Friday, 10 October 2014

COMING SOON... CHAINROCK: USERS' GUIDE alluvial island in the Thames Estuary, recently.
Never go back, they say. They say a lot of things, however, and it's best to lead by example. It's best not to lead at all in fact. Going back is not necessarily negative, it depends what way we're facing. Going forwards, looking backwards.. or the reverse... this is dangerous.

We cannot go back. We can revisit, but it's different. It's not the same. So when I revisited Canvey Island for my final project at Greenwich, I found myself redoing the project in its entirety. Predictably, I made many of the same mistakes in execution as I had the first time around. The process was no less rewarding. Repetition is, after all, a form of change. In Leonard Cohen's novella Beautiful Losers the mantra is "I change, I stay the same... I change, I stay the same..." a Leonard koan?

A ship at rest, at last, on the muddy banks of the Thames Estuary.
 Setting process aside and looking at product, two Canvey projects left me with a bundle of loose ends and untethered threads. There is a certain mindset that obtains enormous pleasure from untangling knots. It is not a mindset that I possess: I lack the patience and am insufficiently conscientious. However, I'm proud of some of what was produced and would like to share it with others. There are enough ingredients to put together an interesting meal. But this is not fine dining, and instead of neatly contrived courses it is more likely to resemble a one-pot stew, possibly with some bread to soak up the juice.

As a quick recap, the (second) project was concerned with the reclamation of Canvey Island's Occidental Jetty ("Chainrock") by a group of convicts in order to create a self-sufficient self-governing penal colony. The armature performed the role of conduit, connecting land and sea, and as vector for the landscape processes responding to the prisoners' hierarchy of need (water-shelter-heat-food etc.)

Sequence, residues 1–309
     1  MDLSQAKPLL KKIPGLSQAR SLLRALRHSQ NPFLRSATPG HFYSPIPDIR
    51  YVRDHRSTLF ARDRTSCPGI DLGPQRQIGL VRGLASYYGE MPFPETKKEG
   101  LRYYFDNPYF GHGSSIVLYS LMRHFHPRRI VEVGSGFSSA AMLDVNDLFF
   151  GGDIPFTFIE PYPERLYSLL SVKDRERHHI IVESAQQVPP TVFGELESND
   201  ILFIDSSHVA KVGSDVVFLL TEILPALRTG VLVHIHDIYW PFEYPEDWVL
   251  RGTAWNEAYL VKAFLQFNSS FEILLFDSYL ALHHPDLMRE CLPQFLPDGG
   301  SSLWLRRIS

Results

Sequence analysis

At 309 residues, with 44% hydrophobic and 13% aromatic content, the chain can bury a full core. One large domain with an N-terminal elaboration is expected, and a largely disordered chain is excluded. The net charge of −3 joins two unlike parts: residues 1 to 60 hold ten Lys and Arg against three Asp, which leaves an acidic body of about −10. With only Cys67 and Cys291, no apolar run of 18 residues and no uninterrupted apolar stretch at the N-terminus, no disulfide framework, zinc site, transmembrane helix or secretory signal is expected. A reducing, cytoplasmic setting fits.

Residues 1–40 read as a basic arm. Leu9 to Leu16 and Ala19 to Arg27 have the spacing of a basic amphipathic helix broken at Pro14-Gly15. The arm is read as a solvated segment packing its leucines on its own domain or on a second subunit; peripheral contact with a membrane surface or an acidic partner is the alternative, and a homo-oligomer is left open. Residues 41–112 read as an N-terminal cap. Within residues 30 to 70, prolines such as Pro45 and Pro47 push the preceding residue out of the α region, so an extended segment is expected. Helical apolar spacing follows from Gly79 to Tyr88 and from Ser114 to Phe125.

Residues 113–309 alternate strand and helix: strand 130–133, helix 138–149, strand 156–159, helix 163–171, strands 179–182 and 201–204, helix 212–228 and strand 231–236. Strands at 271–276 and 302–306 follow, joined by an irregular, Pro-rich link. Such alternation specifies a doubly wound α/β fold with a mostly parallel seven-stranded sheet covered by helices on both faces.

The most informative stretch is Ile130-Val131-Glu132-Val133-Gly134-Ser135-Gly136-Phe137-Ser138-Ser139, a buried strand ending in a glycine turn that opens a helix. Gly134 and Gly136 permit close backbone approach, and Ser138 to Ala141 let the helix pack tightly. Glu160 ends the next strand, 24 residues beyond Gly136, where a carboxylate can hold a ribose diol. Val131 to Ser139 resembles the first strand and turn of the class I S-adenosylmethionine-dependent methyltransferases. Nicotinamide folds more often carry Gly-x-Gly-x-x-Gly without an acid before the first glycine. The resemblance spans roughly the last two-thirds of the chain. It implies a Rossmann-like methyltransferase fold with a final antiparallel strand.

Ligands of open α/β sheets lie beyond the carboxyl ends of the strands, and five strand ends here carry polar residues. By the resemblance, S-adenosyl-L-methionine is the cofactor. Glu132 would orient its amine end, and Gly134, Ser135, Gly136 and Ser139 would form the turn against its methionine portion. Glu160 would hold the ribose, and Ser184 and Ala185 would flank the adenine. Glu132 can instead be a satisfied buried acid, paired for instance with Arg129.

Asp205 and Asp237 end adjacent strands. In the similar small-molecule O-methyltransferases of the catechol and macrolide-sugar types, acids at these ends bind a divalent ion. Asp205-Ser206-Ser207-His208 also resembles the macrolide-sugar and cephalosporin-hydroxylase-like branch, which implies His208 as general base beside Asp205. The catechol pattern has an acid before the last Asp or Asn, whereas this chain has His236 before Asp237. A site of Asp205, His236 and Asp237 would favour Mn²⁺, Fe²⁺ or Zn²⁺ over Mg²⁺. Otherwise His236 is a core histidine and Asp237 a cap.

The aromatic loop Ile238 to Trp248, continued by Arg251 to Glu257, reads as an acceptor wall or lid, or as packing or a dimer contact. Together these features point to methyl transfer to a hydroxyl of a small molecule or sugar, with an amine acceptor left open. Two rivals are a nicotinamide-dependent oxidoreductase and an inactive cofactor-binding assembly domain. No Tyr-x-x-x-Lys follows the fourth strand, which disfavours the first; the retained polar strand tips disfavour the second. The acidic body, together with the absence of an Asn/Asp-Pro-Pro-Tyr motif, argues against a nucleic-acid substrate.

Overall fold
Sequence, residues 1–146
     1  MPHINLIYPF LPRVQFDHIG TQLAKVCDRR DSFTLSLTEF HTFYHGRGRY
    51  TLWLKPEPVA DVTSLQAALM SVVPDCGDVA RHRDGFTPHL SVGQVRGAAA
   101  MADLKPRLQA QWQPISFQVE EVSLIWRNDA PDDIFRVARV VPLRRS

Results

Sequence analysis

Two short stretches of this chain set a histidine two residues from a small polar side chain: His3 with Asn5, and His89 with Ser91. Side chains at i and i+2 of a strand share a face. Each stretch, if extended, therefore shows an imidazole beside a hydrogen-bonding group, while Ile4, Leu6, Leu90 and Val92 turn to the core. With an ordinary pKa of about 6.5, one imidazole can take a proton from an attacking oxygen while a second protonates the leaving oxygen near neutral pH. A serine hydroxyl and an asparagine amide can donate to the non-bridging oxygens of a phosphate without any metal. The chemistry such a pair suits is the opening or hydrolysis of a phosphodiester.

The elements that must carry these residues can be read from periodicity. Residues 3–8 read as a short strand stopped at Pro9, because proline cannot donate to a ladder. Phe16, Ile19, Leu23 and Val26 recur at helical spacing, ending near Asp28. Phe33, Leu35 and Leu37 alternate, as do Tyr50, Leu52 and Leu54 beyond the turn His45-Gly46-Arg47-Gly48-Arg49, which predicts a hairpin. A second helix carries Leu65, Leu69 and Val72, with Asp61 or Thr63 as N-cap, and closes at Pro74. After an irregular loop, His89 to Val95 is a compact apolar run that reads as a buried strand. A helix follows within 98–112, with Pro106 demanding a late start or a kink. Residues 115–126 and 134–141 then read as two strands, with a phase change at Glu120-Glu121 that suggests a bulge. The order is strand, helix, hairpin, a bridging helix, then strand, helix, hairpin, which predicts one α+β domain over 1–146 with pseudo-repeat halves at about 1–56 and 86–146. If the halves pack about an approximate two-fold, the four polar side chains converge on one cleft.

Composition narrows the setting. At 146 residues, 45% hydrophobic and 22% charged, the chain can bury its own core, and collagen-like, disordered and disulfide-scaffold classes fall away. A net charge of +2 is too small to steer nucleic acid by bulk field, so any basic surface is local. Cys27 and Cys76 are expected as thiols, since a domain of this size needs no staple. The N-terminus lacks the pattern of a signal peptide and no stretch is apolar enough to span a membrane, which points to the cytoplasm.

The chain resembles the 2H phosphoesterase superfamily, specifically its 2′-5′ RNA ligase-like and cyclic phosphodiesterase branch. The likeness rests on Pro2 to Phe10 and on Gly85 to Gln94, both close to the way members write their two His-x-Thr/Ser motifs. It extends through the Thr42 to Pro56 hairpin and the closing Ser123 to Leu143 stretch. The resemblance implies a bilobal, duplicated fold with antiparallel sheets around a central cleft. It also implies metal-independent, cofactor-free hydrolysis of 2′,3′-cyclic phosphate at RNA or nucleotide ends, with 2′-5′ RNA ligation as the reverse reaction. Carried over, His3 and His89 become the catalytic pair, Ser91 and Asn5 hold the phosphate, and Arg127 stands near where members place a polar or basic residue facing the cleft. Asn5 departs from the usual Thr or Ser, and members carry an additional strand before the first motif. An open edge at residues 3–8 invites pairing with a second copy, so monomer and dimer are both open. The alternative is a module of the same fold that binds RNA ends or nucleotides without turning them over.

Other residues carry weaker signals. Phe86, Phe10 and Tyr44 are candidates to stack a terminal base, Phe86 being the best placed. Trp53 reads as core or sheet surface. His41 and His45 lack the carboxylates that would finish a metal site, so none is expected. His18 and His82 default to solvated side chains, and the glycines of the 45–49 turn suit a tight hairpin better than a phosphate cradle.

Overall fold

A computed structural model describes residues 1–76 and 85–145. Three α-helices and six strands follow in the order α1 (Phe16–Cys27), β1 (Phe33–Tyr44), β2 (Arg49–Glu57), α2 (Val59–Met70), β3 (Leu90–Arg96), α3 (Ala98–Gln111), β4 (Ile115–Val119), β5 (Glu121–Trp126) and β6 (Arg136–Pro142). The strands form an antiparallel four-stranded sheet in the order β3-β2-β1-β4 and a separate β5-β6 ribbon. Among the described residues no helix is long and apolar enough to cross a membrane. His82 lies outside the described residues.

Shipbreaking: not the redemptive power of forced labour, but a necessary subsistence strategy in a new colony.

The concept of the "users' guide" was initially explored as a framing device for the detailing of the project: since the project did not lay out an immutable final design (the site would be continually undone and remade by its users), the "detailing" would consist of helpful suggestions for the site's occupants (i.e. biotopic filtration beds, reclaimed furniture templates, improvised fixings etcetera). Chainrock:  Users' Guide was thus intended to faithfully recreate a document that might exist in the fictional universe of the project.

Time constraints meant this ambition was not realised and ...Users' Guide joins the other confused Canvey concatenations. Of all the unfinished projects it may have the strongest individual case for completion, but in a plebiscite it would win a plurality, not a working majority... I cannot ignore the needs of the other parties and their constituencies, and instead we must enter some kind of coalition.

Hence the one-pot meal approach. By first of all accepting that whilst the initial concept of ...Users' Guide may well have been realised in one version of the Chainrock universe, it exists as a partially finished project in this universe. Likewise, the project exists in multiple forms, in this and other universes. A new realisation of ...Users' Guide might thus serve as a portal into these parallel worlds and also as a psychocartograph of the creative processes that led to the various realisations of the Canvey Project.

In conclusion, the text Chainrock: Users'Guide is currently under production. It may/may not be available online and/or offline any time soon.

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